January 16, 2016

Does Ted Cruz's Conditional Citizenship Affect the "Natural Born Citizen" Analysis?

Cross-posted from PrawfsBlawg.

I have previously written that Senator Ted Cruz is a natural born citizen, eligible to the presidency, because he was a citizen at birth.  Though born in Canada and having a father of Cuban heritage, his mother was a U.S. citizen; the Immigration and Nationality Act also made him one under the circumstances.  Neal Katyal and Paul Clement, Michael Ramsey, Randy Barnett, and many others, persuasively argue (and this is a paraphrase) that if Congress makes a person a full member of the U.S. political community at birth, that person is a natural born citizen.  (See also classic Charles Gordon article here).  In Wong Kim Ark in 1898, the Supreme Court, quoting a leading treatise, stated: "Natural-born British subject' means a British subject who has become a British subject at the moment of his birth." 169 U.S. 649, 657 (1898) (italics in original). 

There is a catch, though, that has apparently not been addressed.  Under the law in effect in 1970, when Cruz was born, a child born abroad to two U.S. citizen parents was generally an unconditional U.S. citizen.  However, a person like Senator Cruz with a single USC parent had only contingent citizenship, and would automatically lose U.S. citizenship and nationality unless she that child spent five years in the United States between the ages of 14 and 28.  In Rogers v. Bellei, 401 U.S. 815 (1971), the Court, 5-4, upheld the citizenship termination provision.  Senator Cruz's citizenship was perfected in 1978, when Congress eliminated the retention requirement.  But when he was born, Rogers v. Bellei explained, Congress granted children in his situation "presumptive," "conditional" citizenship, not "absolute," "full" citizenship, because Congress had a "legitimate concern" that non-citizen parentage coupled with foreign birth raised questions of "divided loyalty" and "primary allegiance" which should be resolved by future U.S. residence.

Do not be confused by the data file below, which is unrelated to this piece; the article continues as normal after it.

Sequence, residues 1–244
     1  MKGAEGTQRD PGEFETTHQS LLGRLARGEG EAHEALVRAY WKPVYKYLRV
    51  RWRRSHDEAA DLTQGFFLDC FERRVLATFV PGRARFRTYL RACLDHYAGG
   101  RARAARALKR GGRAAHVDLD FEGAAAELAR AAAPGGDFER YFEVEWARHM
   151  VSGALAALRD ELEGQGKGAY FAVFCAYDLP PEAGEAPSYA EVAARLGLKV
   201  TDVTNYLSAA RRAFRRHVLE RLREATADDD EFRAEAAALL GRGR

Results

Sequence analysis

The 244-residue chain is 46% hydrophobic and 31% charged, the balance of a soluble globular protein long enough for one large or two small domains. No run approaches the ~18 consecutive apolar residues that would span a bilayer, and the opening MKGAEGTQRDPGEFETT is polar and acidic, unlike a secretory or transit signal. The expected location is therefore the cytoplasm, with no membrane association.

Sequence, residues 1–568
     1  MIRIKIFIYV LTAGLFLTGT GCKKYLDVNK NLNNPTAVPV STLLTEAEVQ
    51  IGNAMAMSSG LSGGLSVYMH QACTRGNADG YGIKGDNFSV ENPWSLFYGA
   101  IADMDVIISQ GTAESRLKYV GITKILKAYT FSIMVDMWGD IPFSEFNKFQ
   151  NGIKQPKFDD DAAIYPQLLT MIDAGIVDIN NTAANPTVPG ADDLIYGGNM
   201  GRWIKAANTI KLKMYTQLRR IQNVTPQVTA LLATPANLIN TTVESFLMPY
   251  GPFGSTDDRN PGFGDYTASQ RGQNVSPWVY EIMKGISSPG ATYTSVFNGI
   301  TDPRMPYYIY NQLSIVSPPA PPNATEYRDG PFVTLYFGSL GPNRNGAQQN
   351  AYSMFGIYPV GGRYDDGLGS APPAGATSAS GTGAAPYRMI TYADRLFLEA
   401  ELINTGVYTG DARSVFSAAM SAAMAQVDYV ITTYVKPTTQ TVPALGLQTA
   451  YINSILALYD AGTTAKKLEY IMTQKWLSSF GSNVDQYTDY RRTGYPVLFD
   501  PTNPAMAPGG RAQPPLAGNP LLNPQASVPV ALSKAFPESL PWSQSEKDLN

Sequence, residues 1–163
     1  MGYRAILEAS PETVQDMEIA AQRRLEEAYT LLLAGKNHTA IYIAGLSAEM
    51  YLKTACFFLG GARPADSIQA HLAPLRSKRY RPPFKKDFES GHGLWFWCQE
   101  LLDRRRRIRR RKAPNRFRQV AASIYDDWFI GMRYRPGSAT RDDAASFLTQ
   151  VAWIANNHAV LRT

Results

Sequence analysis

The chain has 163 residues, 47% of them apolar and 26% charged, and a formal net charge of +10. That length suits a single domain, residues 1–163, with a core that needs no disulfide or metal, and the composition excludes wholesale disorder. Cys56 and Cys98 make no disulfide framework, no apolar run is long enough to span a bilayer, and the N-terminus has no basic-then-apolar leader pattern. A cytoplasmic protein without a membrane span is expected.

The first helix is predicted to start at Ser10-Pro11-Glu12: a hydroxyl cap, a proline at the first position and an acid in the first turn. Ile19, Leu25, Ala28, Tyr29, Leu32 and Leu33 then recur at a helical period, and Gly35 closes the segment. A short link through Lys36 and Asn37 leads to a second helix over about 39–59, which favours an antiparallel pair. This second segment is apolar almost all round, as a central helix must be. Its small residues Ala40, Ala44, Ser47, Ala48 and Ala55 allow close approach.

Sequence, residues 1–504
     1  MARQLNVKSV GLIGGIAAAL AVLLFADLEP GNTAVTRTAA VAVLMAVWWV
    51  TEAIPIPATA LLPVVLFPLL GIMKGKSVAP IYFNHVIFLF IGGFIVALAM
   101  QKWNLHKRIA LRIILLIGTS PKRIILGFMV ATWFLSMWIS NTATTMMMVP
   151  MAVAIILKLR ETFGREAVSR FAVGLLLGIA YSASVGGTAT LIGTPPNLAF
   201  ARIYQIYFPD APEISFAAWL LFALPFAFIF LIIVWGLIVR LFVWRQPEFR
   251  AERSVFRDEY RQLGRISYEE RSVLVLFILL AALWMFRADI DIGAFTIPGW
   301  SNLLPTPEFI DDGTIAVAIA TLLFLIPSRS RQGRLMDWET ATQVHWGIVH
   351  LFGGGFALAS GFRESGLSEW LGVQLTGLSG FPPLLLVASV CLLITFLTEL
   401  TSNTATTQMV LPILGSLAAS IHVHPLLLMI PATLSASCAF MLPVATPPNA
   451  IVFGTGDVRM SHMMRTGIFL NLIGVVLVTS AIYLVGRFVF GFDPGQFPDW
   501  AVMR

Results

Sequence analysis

The case remains strong that Congress has the power to make children of one or two U.S. citizen parents full members of the political community at birth, even if born overseas.  Therefore if Senator Cruz had been born in 1980, he would, fairly clearly, be a natural born citizen.  But there is wide agreement that a person either is, or is not, a natural born citizen at the moment of birth; automatic loss of citizenship based on future circumstances is in tension with this.  Congress granted Senator Cruz a status that did not guarantee that he would even be allowed into the country after age 23, because they did not fully trust people like him.  Focusing on the conditional nature of Senator Cruz's status makes it less clear than it was that Congress either intended to make children with one U.S. citizen parent full and equal members of the political community, or exercised its authority to do so.  I would love to hear what other people think.

Update: My intellectual heroes Jack Balkin and Akhil Amar also discuss the issue. Prof. Balkin and Prof. Amar each recently gave wonderful lectures at UC Davis Law.